Value-based insurance design aims to change this by aligning out-of-pocket costs, like co-payments, with the value of services. In essence, this means that high-value services with the greatest potential to impact a patient’s health become more affordable while low-value services become more expensive. 

This principle can also be applied to prescription drugs. Under VBID, employee cost-sharing for higher-priced medications is aligned with the clinical value. This approach is especially beneficial for employees who are struggling to control a chronic condition like diabetes or heart disease and finding that lower-cost alternative medications are unable to adequately control their health condition. VBID recognizes that the same prescription drug could be of high value to one patient and a lower value to another and aligns costs accordingly to these clinical nuances.

What employers can do: Employers should consider ways to integrate VBID into their plans. VBID reduces cost sharing and encourages adherence to high-value services and providers.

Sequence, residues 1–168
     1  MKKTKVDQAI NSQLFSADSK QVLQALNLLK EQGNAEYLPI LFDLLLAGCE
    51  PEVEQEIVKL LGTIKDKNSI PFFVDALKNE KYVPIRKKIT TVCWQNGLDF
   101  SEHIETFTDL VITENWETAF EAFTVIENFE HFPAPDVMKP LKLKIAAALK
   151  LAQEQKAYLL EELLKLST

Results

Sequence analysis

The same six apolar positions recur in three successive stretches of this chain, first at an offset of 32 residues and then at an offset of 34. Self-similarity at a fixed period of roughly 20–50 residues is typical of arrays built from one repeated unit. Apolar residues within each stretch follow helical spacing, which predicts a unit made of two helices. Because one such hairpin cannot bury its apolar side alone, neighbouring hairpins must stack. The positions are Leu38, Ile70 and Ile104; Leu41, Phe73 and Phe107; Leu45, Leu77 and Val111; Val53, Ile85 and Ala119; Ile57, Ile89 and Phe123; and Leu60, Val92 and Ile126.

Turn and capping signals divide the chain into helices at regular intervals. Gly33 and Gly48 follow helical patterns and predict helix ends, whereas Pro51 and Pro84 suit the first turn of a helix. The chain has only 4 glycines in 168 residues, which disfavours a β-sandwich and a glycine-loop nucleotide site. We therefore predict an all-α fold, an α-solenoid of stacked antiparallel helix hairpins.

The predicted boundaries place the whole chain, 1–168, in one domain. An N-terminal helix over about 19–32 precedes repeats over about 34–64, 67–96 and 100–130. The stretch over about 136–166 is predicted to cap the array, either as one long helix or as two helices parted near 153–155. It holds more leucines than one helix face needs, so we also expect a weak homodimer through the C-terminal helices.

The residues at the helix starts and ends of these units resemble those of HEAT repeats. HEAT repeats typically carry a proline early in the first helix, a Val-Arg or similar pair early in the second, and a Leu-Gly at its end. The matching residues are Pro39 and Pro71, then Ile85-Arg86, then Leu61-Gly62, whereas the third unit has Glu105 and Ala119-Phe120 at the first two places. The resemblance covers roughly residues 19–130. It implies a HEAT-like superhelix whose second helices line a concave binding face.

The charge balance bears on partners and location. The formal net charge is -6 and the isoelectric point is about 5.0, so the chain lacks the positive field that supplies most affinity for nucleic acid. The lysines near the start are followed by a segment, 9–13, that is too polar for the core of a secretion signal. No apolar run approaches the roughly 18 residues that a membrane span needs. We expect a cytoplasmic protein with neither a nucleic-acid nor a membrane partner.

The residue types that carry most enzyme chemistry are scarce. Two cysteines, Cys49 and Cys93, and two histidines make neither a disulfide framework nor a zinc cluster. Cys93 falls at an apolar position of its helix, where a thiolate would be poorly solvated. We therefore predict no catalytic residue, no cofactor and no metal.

Next Steps for 2019

High value care, direct patient primary care, and value-based insurance design are three innovative approaches to the decades-old problem: how can we control rising health care costs and improve patient-care outcomes? Watch this space in 2019 for more in-depth discuss of these employer health trends.

Scott Foster is president of Wellco, Royal Oak, Michigan, and recently presented at an event hosted by the Michigan CUES Council. Foster and Wellco have provided award-winning systems to measurably improve health conditions and costs. Wellco specializes in engagement, analytics and high-value care. Reprinted from “,” free, proven employer health strategies and market intelligence from Wellco. Copyright © by Wellco.